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The Johannesburg Section of the Mountain Club of South Africa actively fosters and facilitates mountaineering. This incorporates climbing, trekking, mountain walking and related activities, and promoting fellowship between people with these interests who are committed to the conservation of mountain areas.

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Newsletter June 2012

Francois Junod

It was with great sadness that we heard of the passing of Advocate Francois Junod on 22 April this year.

Francois was a climber, co-founder of the Northern Transvaal MCSA Section (now Magaliesberg), conservationist and one of our club’s greatest friends among the property owners in the Magaliesberg.

In keeping with the wishes of the family, a simple outdoor funeral was held on his farm, Calabash, on Friday 27 April.

There were two things close to Francois' heart ­– education and conservation of the mountains. As Francois lived in the Buffelspoort Valley, the family suggested donations, in lieu of flowers, to go to the Tswelelang Early Learning Centre, which educates children of farm and other workers in and around the valley, and to the Johannesburg or Magaliesberg sections of the MCSA to be used specifically for conservation.

 

Francois ­– a Mountain of a Man

By Annathea Oppler

(And also read out at the funeral by Annathea)

As I sit and look at him,

Barely still holding on,

The thoughts in my head of him

Spiral around,

But two stand out among the crowd

Firstly, a memory

Of a summery evening

Some years ago.

We sat watching the sunset

And the cicadas sang,

 

While we sat there and watched,

Watched the ruby-red sun

Set the treetops on fire.

And I remember the look,

The look on his face,

The joy of the world

And the love of this place

Both showed in his eyes

And I remember my thought

“What a mountain of a man!”

And perhaps that led me to my second thought;

My association of these mountains

With this mountainous man.

Whenever I am walking in Magaliesberg kloofs

His name is never far from my mind.

He seemed so eternal, everlasting

Like them.

And now, as I sit here and say my final goodbye,

I can’t imagine them without him

They’re missing a piece.

So I’ve decided I won’t,

For he’s not really left.

He’s in the song of the grasses

As the wind whistles through,

The green of the trees

And the sky’s azure blue,

In the gold of the grass heads at late afternoon,

The twinkle of stars

And the big silver moon.

So, here’s to Francois,

A mountain of a man,

May his spirit live on in this beautiful land.

 

 

 

CLUB NEWS

EXPEDITIONS:  Three groups are heading off to far away places.  Members of our section: Andrew Porter and group have already left and are surfacing in Greenland; Ulrike Kiefer, Oliver Hoffman, Wiebke Toussaint (prospective member)and group are heading for Kyrgyzstan, some climbing and some hiking.  Alard & Shelley Hüfner, Douard le Roux and group are going to Trango Towers; Neil Grimmer and our Chairman Dobek Pater will join them, but trek to K2 base camp and over the highest mountain pass in the world (Gondogoro La) instead.  We wish them all the best. Take care and bring back lots of stories and pictures. And don’t forget the pictures of the flowers.

New Members: We welcome the following new members: Craig de Villiers (transferred from Cape Town); Wayne Roberts; Mark van Niekerk and children, Hilton and Rita Goodhead and children Angela, Bronwyn, James and Andrew; Dewald and Ciska Kloppers; Samantha Jordaan and children Thomas, Daniel and Ethan; Claire Nissan, David Lichtenstein; Wayne and Tracey Potgieter; Nicholas Meinel; Daniel Widmonte; Natasha Adams and children Jennifer and Michael;  John Ackroyd; Farhad Hassim; Fatima Cachalia; and Marcus and Marileen Botha.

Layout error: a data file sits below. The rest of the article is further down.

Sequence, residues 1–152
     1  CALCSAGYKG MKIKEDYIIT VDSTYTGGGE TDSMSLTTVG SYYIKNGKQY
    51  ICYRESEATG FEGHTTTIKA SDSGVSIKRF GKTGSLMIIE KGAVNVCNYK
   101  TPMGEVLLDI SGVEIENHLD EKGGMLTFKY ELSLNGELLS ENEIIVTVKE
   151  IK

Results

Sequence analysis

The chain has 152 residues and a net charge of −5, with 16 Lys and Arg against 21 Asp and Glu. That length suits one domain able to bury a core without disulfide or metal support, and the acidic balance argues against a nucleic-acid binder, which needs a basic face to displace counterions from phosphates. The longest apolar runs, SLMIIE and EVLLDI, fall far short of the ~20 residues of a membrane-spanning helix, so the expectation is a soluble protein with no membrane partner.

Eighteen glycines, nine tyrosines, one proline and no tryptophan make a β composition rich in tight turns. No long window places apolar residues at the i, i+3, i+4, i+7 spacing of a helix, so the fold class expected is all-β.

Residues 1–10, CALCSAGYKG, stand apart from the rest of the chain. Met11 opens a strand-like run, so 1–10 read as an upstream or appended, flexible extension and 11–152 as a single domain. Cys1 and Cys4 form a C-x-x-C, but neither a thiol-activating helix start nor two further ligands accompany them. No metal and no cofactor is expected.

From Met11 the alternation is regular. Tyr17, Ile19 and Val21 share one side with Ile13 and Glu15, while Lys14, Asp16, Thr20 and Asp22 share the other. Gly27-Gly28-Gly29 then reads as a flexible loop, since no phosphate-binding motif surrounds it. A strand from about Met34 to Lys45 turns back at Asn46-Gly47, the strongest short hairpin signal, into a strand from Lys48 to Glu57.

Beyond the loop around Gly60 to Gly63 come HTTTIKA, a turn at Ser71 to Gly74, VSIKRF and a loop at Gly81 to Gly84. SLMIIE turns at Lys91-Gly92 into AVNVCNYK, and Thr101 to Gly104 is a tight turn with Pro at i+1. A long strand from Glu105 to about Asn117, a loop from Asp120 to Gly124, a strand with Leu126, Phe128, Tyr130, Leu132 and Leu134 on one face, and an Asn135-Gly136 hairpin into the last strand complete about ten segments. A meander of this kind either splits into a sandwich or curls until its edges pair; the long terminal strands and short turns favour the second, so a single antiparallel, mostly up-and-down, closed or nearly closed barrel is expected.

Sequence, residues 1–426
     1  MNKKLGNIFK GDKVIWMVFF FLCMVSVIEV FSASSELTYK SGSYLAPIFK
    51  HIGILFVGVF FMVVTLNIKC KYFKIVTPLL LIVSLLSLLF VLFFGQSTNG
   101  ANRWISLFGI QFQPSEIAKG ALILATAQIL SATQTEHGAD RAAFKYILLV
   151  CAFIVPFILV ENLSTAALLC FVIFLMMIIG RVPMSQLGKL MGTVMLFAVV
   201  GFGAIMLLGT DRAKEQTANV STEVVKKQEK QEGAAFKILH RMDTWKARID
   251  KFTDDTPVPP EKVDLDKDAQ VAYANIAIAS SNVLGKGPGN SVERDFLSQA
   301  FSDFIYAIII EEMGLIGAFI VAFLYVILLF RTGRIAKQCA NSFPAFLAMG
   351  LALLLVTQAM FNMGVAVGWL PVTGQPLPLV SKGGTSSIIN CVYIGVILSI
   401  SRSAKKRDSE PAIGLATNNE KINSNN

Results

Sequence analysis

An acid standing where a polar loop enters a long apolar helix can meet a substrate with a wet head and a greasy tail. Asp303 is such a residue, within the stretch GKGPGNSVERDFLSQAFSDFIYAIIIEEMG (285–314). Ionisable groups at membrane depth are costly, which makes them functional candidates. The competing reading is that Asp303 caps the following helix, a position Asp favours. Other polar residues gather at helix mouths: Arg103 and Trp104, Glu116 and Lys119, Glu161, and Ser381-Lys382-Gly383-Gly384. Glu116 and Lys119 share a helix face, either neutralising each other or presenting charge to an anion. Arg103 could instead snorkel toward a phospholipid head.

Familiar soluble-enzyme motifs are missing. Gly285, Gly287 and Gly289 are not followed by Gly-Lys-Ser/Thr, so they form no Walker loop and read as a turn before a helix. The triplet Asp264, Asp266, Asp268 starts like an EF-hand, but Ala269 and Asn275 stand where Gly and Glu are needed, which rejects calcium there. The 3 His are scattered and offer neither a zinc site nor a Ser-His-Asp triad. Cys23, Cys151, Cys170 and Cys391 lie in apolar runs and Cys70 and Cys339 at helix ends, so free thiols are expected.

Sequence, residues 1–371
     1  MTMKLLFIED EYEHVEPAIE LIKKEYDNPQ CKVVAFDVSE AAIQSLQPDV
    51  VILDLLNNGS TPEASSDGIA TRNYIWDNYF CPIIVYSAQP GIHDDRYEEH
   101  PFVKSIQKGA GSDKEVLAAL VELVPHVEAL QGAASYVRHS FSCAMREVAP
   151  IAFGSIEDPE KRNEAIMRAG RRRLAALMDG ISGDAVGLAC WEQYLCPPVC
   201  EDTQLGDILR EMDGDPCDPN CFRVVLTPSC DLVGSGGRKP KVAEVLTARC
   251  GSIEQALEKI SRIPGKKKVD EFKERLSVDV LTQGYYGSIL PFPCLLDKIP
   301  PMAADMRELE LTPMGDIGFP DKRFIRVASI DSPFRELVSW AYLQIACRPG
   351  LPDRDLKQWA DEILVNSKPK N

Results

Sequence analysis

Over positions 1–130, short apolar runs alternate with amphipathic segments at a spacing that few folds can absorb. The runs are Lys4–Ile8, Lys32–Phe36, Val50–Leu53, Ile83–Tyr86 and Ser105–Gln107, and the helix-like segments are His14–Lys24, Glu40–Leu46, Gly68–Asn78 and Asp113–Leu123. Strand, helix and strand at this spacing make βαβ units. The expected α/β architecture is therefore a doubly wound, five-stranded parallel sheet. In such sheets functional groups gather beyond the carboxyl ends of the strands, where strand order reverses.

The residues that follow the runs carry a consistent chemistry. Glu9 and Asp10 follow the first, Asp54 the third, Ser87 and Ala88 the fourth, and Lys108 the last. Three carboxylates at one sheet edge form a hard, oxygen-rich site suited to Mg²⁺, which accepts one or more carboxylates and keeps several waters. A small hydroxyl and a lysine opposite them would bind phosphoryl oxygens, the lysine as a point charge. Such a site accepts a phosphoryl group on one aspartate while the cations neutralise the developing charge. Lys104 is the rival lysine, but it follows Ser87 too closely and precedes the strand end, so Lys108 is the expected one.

Resignations: Alex Misch; Anna Maria Lombard; Gail Mallinson; Justine Cole (to CT); Bridget O’Meara.

Reminder: Subs for 2012. If you have not sent your subs please do so asap.  If you do not wish toremain a member, you are still obliged to pay the subs for 2012. We have to pay CENCOM levies based on the number of members as per 1st January each year, as well as other expenses. If you wish to resign please let us know by the middle of December.

 

LAND AND ACCESS

  1. 1. Tonquani.  Fire-break cutting

High winds and a RED fire-alert (i.e. no fires under any circumstances) prevented us from burning fire-breaks at Tonquani/Bertram’s nek on the weekend of 10 June.  As the fire ban is expected to be in place for the rest of the season, the landowners in the area requested that we cut a track of grass at the nek.  In a joint Magaliesberg-Johannesburg MCSA meet, held on June 16th, a wide break was cut at the nek.  One cannot underestimate the amount of goodwill the club has generated through our willingness to burn fire-breaks this year with the Doornhoek FPA extending their gratitude and thanks to the club.

  1. 2. GUARDS AT TONQUANI/CEDARBERG

During the period of the end of last month and during this month of June, the MCSA has posted two security personnel to patrol the Northern end of the MCSA properties of Tonquani & Cedarberg. These guards are employed by Biz 32 Afrika Security and are tasked with patrolling to prevent muggings and attacks on our members. This is their primary role, as they are not expected to identify hikers that trespass across from other landowners’ land on to MCSA land but rather target those that are a threat to visitors on MCSA land. Their patrol area has been set as the area from the lower pools at the bottom of Tonquani gorge, along the northern edge of MCSA land and up to the road that enters from Calabash side. They are equipped with cellphones and radios. Every weekend they will be patrolling this land several times a day and should be easily recognisable in their black uniforms. Should you encounter them, you can identify yourself as an MCSA member and enquire if they have seen any signs of intruders.

Their director of operations is Jaco & his number is 072 996 6818.

We would appreciate any observations you have with regards these security guards. Utopia has been very helpful by facilitating their accommodation over weekends and we are very appreciative of this fact.

Grant Rens

 

STATEMENT ON THE KGASWANE COUNTRY LODGE, MAGALIESBERG PROTECTED ENVIRONMENT April, 2012 Update